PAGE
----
Today’s News - Tuesday, May 8, 2018
● King makes the case for Washington D.C.'s flat skyline: He sees "this feature as one of the city's defining physical traits - in a good way, not bad - the rigid status quo prods architects to make the best of a confining situation"; though some efforts "are earnest but incompetent. Some have an air of desperation. Some ooze cynicism" (now we know why we haven't seen his byline for a spell - he's currently a Mellon Fellow in urban landscape studies at Dumbarton Oaks in D.C.!).
● The fascinating tale of how Station F, a former railway shed, has "transformed Paris into the start-up capital of France" (the "start-up nation") as an incubator for 3,000 entrepreneurs and businesses (including Facebook, L'Oréal, and Microsoft - co-living coming soon!).
● Move over, Hudson Yards: Chakrabarti's PAU is tapped to lead an impressive team (Ratti is the project's "futurist"!) to transform a 180-acre active rail yard in western Queens, NY, into the Sunnyside Yard development - all while keeping the trains running.
● Bernstein, meanwhile, continues his Immigrant Stories series with a great profile of Chakrabarti, the "India-born architect and urban theorist" who is "one of the world's most imaginative thinkers on how architecture can be used to improve cities."
● Wells delves into how Copenhagen, "one of the most diverse cities in Europe," is grappling with "constructing diversity from the ground up" as it builds new neighborhoods - from the ground up.
● Glancey at his most eloquent tells the fascinating tale of how Rockefeller Center, "a soaring symbol of optimism in the dark days of the 1930s," came about: It "remains a model of modern urban planning - an unscarred architectural mountain range set among the cavernous ravines and gullies of Midtown's streets and avenues."
● Flynn considers whether open source architecture is for everyone: "Proponents say it could solve the global housing crisis. The reality is a little more complicated."
● Tunkey explores "the genius, heart, and humility" of Pritzker-winner B.V. Doshi by talking with the Indian architect's former student and employee, and now friend, Jitendra Vaidya: his "work is not obviously sexy - it's not 'Instagramable'" - more importantly, it is "an antidote for much of what afflicts contemporary academic and professional architecture."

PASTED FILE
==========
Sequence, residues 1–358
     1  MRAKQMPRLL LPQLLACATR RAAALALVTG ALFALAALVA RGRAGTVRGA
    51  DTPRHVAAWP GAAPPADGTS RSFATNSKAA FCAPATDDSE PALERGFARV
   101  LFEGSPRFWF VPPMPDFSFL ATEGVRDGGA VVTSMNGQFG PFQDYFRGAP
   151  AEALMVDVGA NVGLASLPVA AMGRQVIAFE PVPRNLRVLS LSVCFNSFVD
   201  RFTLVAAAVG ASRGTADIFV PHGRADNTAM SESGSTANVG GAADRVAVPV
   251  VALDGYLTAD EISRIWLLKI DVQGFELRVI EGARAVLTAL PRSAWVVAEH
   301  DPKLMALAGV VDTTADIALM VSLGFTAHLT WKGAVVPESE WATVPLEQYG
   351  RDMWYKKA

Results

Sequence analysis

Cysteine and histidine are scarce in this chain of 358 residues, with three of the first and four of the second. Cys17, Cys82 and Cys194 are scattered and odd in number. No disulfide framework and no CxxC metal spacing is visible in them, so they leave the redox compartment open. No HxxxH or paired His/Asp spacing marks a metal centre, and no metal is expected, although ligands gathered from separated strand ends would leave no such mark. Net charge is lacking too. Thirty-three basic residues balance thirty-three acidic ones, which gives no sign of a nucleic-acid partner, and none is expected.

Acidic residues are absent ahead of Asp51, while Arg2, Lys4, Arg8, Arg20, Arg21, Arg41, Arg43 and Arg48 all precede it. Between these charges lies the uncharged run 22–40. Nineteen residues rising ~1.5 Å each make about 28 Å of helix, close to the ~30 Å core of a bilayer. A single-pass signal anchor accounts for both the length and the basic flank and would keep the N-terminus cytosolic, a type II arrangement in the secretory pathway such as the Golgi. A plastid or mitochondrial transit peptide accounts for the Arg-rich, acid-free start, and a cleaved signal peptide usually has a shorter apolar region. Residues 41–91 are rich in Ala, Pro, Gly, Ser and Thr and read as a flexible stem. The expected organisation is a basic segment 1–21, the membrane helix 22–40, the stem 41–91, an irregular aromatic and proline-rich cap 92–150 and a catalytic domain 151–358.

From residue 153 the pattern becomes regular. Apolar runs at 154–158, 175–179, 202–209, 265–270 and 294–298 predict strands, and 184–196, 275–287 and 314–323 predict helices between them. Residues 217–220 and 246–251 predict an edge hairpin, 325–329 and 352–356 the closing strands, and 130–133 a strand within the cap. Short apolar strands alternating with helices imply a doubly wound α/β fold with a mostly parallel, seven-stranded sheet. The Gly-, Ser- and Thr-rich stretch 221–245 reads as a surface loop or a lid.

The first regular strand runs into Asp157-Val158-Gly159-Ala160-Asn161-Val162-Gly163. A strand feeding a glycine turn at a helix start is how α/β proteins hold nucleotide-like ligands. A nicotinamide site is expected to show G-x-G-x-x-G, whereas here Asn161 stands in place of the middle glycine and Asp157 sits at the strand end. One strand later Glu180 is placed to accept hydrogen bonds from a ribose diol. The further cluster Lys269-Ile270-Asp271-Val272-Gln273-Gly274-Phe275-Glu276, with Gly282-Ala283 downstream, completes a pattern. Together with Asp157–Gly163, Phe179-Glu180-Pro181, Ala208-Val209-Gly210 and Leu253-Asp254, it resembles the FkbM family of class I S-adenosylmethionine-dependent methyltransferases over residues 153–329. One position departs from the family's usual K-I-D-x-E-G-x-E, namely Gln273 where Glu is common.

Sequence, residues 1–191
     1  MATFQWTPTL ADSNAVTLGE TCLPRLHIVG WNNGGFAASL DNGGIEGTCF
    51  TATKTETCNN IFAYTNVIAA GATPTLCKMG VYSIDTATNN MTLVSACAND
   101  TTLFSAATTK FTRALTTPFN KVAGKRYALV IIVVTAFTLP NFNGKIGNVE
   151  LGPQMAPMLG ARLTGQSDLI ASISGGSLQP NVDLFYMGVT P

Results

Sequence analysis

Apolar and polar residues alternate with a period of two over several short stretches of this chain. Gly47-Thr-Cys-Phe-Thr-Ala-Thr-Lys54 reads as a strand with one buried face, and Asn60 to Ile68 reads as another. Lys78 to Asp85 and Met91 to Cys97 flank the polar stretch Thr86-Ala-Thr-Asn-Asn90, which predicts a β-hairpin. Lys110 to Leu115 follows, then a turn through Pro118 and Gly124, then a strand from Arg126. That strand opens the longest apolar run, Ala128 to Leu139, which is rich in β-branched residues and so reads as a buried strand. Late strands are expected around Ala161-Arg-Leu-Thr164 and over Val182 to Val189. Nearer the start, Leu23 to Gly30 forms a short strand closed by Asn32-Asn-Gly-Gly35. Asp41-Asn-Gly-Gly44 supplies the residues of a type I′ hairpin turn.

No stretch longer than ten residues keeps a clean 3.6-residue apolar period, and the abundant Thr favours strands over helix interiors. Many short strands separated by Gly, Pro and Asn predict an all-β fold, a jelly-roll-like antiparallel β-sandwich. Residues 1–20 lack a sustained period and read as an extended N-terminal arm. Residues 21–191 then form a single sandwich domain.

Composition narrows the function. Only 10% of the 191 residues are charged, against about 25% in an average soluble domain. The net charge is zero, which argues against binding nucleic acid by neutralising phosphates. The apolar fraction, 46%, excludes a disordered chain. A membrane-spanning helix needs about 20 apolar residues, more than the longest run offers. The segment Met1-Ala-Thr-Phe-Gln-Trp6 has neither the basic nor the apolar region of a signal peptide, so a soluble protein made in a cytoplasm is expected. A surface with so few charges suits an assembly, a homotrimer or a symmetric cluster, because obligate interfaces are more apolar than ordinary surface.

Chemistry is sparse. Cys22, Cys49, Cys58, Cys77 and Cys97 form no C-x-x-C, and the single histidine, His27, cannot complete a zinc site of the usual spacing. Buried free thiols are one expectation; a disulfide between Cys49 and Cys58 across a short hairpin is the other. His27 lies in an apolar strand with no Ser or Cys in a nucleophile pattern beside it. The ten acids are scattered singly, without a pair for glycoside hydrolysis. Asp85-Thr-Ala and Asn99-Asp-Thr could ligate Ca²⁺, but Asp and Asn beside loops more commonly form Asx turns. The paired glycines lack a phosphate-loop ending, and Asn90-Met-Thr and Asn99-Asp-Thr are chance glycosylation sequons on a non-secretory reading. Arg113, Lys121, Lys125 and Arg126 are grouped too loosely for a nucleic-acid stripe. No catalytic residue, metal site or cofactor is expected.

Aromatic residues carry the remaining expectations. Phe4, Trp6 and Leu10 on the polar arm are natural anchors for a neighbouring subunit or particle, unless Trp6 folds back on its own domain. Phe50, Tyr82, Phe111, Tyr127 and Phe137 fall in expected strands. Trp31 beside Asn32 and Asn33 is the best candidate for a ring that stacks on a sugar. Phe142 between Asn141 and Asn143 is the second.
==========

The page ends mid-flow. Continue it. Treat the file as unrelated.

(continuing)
● A look at "the rise of 'risky' playground design" that includes deliberately-placed "exposed nails and steep drops": the Brits "are embracing the idea that purposeful risky play promotes resilience and builds more self-reliant young people - children learn what to fear and not to fear" - and it's coming to U.S. (with link to detailed NYT story).
● SOM and James Corner Field Operations, the master-plan team behind Cornell Tech's Roosevelt Island campus, are crossing the Hudson and teaming up again for Princeton University's Lake Campus Master Plan project.
● Kamin reports on Calatrava's Chicago comeback - "on a much smaller scale" - a red, riverfront sculpture: "Although it will be far shorter than the proposed Chicago Spire, it will have a twist of its own."
● Schwab parses a "remarkable new study" that "documents the experiences of women in an open office designed by men": open-plan spaces are "subtly sexist."
● A good reason to head to Ottawa, Canada, next week: 55th International Making Cities Livable Conference: "Designing Healthy, 10-Minute Neighborhoods."
● A good reason to head to Kaliningrad, Russia, next week: Strelka Institute/Government of the Russian Federation's Living Environment: All About Housing Forum (an impressive line-up of speakers).
● A good reason to plan to be in the U.A.E. next year: the inaugural Sharjah Architecture Triennial, with a look at what the Triennial means for the Middle East.
Winners & Deadlines for future winners:
● Bozikovic cheers the 12 winners of RAIC's 2018 Governor-General's Medal.
● Call for entries: Public Toilets Revolution in Suichang, China - Top 5 will be built (no fee and cash prizes - but registration deadline looms!).
● Call for entries & applications: "Human Impact on Landscape and Living Spaces" Young Photographer Award 2018 | Residency in Austria 2019 (no fee - must between 20 and 35).
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John King: The Case for D.C.'s Flat Skyline: Some Washingtonians complain that the city’s height limit has resulted in lookalike, boxy buildings. But creativity can emerge from constraint: ...flat-topped skyline...drives many urbanists crazy. But after several months in Washington, I’ve come to see this feature as one of the city’s defining physical traits - in a good way, not bad. Call it the virtue of architectural monotony...An awkward yet oddly endearing terrain where, absolutely, the whole is greater than the sum of the parts...the rigid status quo prods architects to make the best of a confining situation...Some are earnest but incompetent. Some have an air of desperation...Some ooze cynicism...this would also be the case if heights hadn’t been capped since 1910. -- Kevin Roche; Florance Eichbaum Esocoff King; Gensler; Robert A.M. Stern Architects [images]- CityLab (formerly The Atlantic Cities)